Citrus greening or Huanglongbing (HLB) is currently the most devastating disease of citrus worldwide. The disease was first reported in 1919 in China, and again in Brazil in 2004 and discovered in Miami, FL in 2005. Since then, the disease has affected most of Florida’s commercial citrus-producing areas leading to a remarkable 75% decline in Florida’s $9 billion citrus industry (USDA).

In the Panhandle, UF/IFAS Extension Agents have implemented a survey to track and monitor citrus greening, including evidence of the vector, the Asian Citrus Psyllid (ACP), which depending on individual, may or may not carry the disease. Confirmed cases of citrus greening in the Panhandle have been isolated to Franklin County to date. Although, there has been a positive identification of the ACP in seven northern counties, including Gulf and Bay.

The ACP nymphs are yellow-green in color and will produce a white, waxy substance or tubules (Fig. 1). The adults are small, approximately 1/8” and are brown in color. The Asian psyllid is not directly the cause of the citrus tree demise, as it attacks the truck, branches, leaves or fruit. More so, the bacteria that is released from the psyllid during the attack is cause of the condition. The bacterium will live and thrive in the tree’s phloem for some time. The phloem is the living tissue of the tree that transports nutrients throughout. However once infected, the phloem will transport the disease to other parts of the tree. Unfortunately, once infected, the tree will steadily decline in health.

So, what are the symptoms? Citrus greening will lead to yellowing of the leaves along the veins. A green tie-dye look to the leaves is a typical sign. Fruit will be asymmetrical and dark green on the end. To make matters worse, it’s difficult to diagnose, especially during non-fruiting months, where leaves are only the symptomatic feature. Symptoms can easily be confused with nutrient deficiency. Lab analysis is most likely needed to identify. Fruit production will also drop in number, size and taste each year until the demise of the tree. Sadly, there is no cure, nor citrus species that is immune to the bacterium. However, it is known that the most severely affected citrus are sweet oranges, mandarins and mandarin hybrids.

What can I do to help prevent the disease as a backyard citrus grower? Unfortunately, there are no chemical options to treat an infected citrus tree at this point, only methods to keep the condition from spreading from tree to tree. Detection through scouting is the first line of defense. Dr. Xavier Martini of the UF/IFAS North Florida Research & Education Center is studying the distribution and population dynamics of the ACP in northern Florida. His studies have shown that peaks of infestation in flush (new growth) is at its height in summer and fall. This is the time to be particularly vigilant in scouting. Preventative pesticide applications during this time is also recommended. A foliar spray such as a non-systemic pesticide like malathion or neem oil (a less toxic repellant) accompanied by a soil drench containing imidacloprid can help as a deterrent. Please follow the product directions, rates and precautions.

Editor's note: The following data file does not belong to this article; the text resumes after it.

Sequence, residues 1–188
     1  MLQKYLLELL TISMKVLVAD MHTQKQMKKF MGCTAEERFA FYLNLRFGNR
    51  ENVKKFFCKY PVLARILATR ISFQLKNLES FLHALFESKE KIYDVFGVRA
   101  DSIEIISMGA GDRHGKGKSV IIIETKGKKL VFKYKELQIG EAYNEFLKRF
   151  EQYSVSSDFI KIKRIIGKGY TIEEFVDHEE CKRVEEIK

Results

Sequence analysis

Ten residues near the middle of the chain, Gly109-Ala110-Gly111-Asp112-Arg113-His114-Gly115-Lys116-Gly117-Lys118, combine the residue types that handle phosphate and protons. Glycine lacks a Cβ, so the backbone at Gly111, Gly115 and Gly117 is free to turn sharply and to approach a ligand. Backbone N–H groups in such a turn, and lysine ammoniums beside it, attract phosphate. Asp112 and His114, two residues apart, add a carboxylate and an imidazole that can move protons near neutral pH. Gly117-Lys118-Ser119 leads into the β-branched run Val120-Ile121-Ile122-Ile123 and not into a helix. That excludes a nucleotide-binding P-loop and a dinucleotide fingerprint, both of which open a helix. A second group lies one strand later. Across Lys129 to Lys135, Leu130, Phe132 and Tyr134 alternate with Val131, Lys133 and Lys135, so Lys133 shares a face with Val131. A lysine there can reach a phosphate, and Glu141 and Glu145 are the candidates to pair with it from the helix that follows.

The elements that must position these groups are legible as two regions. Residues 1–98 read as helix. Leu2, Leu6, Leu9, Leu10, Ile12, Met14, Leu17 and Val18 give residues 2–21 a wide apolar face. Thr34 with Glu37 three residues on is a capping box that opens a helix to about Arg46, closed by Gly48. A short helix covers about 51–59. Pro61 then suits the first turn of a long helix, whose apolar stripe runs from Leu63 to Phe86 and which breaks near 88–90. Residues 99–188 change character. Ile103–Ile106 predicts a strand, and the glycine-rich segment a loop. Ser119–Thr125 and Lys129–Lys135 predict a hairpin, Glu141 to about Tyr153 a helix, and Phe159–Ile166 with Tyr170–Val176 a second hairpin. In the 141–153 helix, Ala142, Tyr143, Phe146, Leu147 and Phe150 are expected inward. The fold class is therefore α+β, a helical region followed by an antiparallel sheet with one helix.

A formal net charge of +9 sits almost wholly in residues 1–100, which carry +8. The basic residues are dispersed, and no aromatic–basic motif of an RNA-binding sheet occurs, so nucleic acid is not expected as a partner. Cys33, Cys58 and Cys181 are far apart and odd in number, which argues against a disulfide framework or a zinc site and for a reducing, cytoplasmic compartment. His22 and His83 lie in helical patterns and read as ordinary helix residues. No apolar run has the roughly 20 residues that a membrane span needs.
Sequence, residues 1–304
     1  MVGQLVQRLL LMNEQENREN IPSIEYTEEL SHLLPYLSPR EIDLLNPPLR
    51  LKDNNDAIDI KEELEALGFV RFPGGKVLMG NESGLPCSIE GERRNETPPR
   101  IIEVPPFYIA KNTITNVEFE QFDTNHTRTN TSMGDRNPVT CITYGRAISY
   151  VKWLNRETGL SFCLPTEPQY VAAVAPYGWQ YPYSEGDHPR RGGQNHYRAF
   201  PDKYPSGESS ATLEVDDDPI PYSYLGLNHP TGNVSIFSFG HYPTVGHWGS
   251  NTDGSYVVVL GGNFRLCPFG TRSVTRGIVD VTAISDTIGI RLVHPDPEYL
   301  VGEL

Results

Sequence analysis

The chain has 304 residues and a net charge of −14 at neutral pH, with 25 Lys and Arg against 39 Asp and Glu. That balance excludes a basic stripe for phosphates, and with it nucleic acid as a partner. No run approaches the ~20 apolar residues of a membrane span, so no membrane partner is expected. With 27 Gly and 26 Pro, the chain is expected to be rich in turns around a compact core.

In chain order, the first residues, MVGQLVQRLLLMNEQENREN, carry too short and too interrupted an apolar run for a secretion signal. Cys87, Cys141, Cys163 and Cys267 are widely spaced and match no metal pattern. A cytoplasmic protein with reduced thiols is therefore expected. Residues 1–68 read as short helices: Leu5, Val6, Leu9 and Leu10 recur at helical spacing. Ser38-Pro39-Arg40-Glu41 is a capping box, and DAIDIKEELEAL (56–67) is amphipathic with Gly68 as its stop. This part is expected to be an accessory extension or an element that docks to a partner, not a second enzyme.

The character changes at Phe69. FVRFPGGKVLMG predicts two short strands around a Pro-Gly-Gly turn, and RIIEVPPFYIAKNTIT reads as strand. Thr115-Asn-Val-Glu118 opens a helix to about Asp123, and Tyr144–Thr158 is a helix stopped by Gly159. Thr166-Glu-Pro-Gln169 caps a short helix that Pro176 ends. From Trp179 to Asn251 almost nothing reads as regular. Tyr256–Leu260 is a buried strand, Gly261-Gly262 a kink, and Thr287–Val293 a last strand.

For more information, please visit the UF/IFAS Entomology website, Gulf County Extension is participating in a study to track the occurrence of the disease and vector. If you are a Gulf County resident with citrus trees and wish to participate in the study, please call 639-3200.

Supporting information for this article supplied by X. Martini, M. Paret, P. Andersen, L. Stelinski, F. Iriarte, I. Small, N. Nguyen, M. Dewdney, E. Johnson and E. Lovestrand, all affiliated with UF/IFAS Extension.

Other supporting information can be found in the UF/IFAS EDIS publication, “Citrus Problems in the Home Landscape” by Mongi Zekri and Robert E. Rouse: & “Citrus Canker & Greening (HLB) – Handling Protocols for Master Gardener Plant Clinics” by Megan M. Dewdney, Timothy M. Spann, Ryan A. Atwood, Jamie Burrow:


UF/IFAS Extension, An Equal Opportunity Institution.